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Outcome of pediatric emergency mental health visits: incidence and timing of suicide

  • Joshua Lee (a1), Tyler Black (a2), Garth Meckler (a3) and Quynh Doan

Abstract

Objectives

To determine the incidence, risk, and timing of mortality (unnatural and natural causes) among youth seen in a pediatric emergency department (ED) for mental health concerns, compared with matched non–mental health ED controls.

Methods

This was a retrospective cohort study conducted at a quaternary pediatric ED in British Columbia. All visits for a mental health related condition between July 1st, 2005, and June 30th, 2015, were matched on age, sex, triage acuity, socioeconomic status, and year of visit to a non–mental health control visit. Mortality outcomes were obtained from vital statistics data through December 31st, 2016 (cumulative follow-up 74,390 person-years).

Results

Among all cases in our study, including 6,210 youth seen for mental health concerns and 6,210 matched controls, a total of 13 died of suicide (7.5/100,000 person-years) and 33 died of suicide or indeterminate causes (44/100,000 person-years). All-cause mortality was significantly lower among mental health presentations (121.3/100,000 v. 214.5/100,000 person-years; hazard ratio [HR], 0.54; 95% confidence interval [CI], 0.37–0.78). The median time from initial emergency visit to suicide was 5.2 years (interquartile range, 4.2–7.3). Among mental health related visits, risk of death by suicide or indeterminate cause was three-fold that of matched controls (HR, 3.05 95%CI, 1.37–6.77).

Conclusions

While youth seeking emergency mental health care are at increased risk of death by unnatural causes, their overall mortality risk is lower than non–mental health controls. The protracted duration from initial presentation to suicide highlights the need for long-term surveillance and preventative care for youth seen in the ED for all mental health concerns.

RésuméObjectif

L’étude visait à déterminer trois éléments statistiques liés à la mortalité (par cause naturelle ou non naturelle), soit l'incidence, le risque et le moment, chez des jeunes ayant consulté à un service des urgences pédiatriques (SUP) pour des troubles mentaux par rapport à des témoins appariés exempts de troubles mentaux ayant été examinés au SUP.

Méthode

Il s'agit d'une étude de cohortes rétrospective, menée dans un SUP de soins quaternaires, en Colombie-Britannique. Tous les patients ciblés ayant consulté pour des troubles mentaux entre le 1er juillet 2005 et le 30 juin 2015 ont été appariés selon l’âge, le sexe, le degré de gravité au moment du triage, le statut socioéconomique et l'année de la visite, avec des témoins exempts de troubles mentaux. Les données sur la mortalité ont été obtenues de l'organisme responsable des statistiques de l’état civil, et ce, jusqu'au 31 décembre 2016 (suivi cumulatif : 74 390 personnes-années).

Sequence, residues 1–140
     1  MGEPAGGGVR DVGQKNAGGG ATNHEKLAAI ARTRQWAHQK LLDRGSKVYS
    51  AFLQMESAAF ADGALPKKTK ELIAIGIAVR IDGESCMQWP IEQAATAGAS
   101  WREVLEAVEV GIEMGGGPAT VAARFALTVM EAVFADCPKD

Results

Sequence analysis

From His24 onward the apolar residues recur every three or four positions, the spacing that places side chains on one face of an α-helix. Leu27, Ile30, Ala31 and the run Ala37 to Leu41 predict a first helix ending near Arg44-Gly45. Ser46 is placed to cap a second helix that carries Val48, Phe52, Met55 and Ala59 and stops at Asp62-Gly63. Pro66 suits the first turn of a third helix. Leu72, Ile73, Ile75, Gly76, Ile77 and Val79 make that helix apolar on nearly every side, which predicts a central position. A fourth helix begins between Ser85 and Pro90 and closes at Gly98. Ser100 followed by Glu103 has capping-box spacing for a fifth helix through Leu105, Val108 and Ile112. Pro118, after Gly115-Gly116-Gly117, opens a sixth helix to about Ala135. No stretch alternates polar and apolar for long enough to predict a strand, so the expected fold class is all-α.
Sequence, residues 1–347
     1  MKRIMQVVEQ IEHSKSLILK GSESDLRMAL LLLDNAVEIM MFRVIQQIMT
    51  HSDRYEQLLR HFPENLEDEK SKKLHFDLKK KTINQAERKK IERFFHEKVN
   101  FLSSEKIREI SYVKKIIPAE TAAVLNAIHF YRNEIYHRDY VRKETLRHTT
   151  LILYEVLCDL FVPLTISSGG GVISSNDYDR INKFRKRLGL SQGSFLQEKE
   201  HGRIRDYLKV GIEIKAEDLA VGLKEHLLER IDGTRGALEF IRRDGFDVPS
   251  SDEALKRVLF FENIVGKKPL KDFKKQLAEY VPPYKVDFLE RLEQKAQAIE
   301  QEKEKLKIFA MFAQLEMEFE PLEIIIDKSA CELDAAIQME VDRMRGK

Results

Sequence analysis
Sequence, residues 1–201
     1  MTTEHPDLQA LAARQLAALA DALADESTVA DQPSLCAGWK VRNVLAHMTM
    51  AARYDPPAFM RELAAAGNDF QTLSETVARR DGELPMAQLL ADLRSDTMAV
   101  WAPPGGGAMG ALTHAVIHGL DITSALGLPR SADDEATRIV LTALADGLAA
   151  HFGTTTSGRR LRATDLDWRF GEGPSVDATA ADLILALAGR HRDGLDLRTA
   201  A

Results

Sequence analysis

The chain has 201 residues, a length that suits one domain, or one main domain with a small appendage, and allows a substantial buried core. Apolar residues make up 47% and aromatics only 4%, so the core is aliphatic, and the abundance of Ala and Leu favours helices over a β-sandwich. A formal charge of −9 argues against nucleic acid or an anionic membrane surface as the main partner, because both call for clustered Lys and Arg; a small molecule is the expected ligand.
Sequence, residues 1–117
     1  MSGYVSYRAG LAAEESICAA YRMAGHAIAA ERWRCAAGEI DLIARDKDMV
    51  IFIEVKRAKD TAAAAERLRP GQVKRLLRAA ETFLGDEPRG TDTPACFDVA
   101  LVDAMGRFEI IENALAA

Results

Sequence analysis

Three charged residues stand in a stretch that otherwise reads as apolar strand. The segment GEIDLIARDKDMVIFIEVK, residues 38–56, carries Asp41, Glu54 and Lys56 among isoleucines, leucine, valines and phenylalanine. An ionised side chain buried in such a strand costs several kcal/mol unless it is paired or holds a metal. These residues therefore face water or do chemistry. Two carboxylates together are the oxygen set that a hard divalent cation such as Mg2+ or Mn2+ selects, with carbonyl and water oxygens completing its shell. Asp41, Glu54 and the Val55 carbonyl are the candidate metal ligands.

Résultats

Sur l'ensemble des patients sélectionnés, soit 6210 jeunes examinés pour des troubles mentaux et 6210 témoins appariés, 13 jeunes au total se sont suicidés (7,5/100 000 personnes-années) et 33 sont morts par suicide ou de cause indéterminée (44/100 000 personnes-années). La mortalité toute cause confondue était significativement plus basse dans le groupe de personnes ayant consulté pour des troubles mentaux (121,3/100 000 contre 214,5/100 000 personnes-années; rapport de risque [RR] : 0,54; IC à 95% : 0,37–0,78) que dans l'autre. Le temps médian écoulé entre la consultation initiale au SUP et le suicide était de 5,2 ans (intervalle interquartile : 4,2–7,3). Dans le groupe de troubles mentaux, le risque de mort par suicide ou de cause indéterminée était 3 fois plus élevé que celui enregistré dans le groupe des témoins appariés (RR : 3,05; IC à 95% : 1,37–6,77).

Conclusion

Bien que les jeunes qui consultent au SUP pour des troubles mentaux connaissent un risque accru de mort par cause non naturelle, leur risque général de mortalité est inférieur à celui enregistré chez les témoins exempts de troubles mentaux. La longue période qui s’écoule entre la consultation initiale et le suicide met en évidence la nécessité de donner des soins préventifs aux jeunes examinés au SUP pour tous types de troubles mentaux, et d'assurer une surveillance à long terme.

Copyright

Corresponding author

Correspondence to: Dr. Quynh Doan, 4480 Oak Street, Shaughnessy Building, Office B429, VancouverBCV6H 3N1Canada; Email: qdoan@bcchr.ca

References

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Keywords

Outcome of pediatric emergency mental health visits: incidence and timing of suicide

  • Joshua Lee (a1), Tyler Black (a2), Garth Meckler (a3) and Quynh Doan

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